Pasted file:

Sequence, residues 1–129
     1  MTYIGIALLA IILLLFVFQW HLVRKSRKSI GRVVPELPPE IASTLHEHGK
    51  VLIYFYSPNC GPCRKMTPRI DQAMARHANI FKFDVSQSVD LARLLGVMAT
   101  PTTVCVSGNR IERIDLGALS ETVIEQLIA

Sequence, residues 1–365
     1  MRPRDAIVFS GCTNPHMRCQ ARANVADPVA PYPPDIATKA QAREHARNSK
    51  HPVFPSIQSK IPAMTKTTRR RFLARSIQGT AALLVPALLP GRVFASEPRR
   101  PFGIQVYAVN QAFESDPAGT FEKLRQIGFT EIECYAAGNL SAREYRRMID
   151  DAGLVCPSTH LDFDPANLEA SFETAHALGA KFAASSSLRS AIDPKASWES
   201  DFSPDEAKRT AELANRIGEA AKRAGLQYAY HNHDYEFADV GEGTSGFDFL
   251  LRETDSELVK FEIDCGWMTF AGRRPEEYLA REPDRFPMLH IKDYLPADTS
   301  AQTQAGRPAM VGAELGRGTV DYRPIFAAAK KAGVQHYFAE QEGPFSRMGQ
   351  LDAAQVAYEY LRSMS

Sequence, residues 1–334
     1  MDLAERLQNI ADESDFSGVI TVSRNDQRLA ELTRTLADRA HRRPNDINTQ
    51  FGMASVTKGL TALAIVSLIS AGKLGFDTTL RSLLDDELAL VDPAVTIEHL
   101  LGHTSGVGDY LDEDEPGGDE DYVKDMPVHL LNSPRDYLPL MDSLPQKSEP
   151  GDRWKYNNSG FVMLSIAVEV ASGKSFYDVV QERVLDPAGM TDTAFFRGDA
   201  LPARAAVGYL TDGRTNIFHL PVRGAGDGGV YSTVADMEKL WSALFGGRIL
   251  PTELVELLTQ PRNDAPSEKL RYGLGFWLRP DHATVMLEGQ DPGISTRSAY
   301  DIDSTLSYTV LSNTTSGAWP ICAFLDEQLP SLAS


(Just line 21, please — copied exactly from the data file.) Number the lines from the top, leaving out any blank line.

   301  DIDSTLSYTV LSNTTSGAWP ICAFLDEQLP SLAS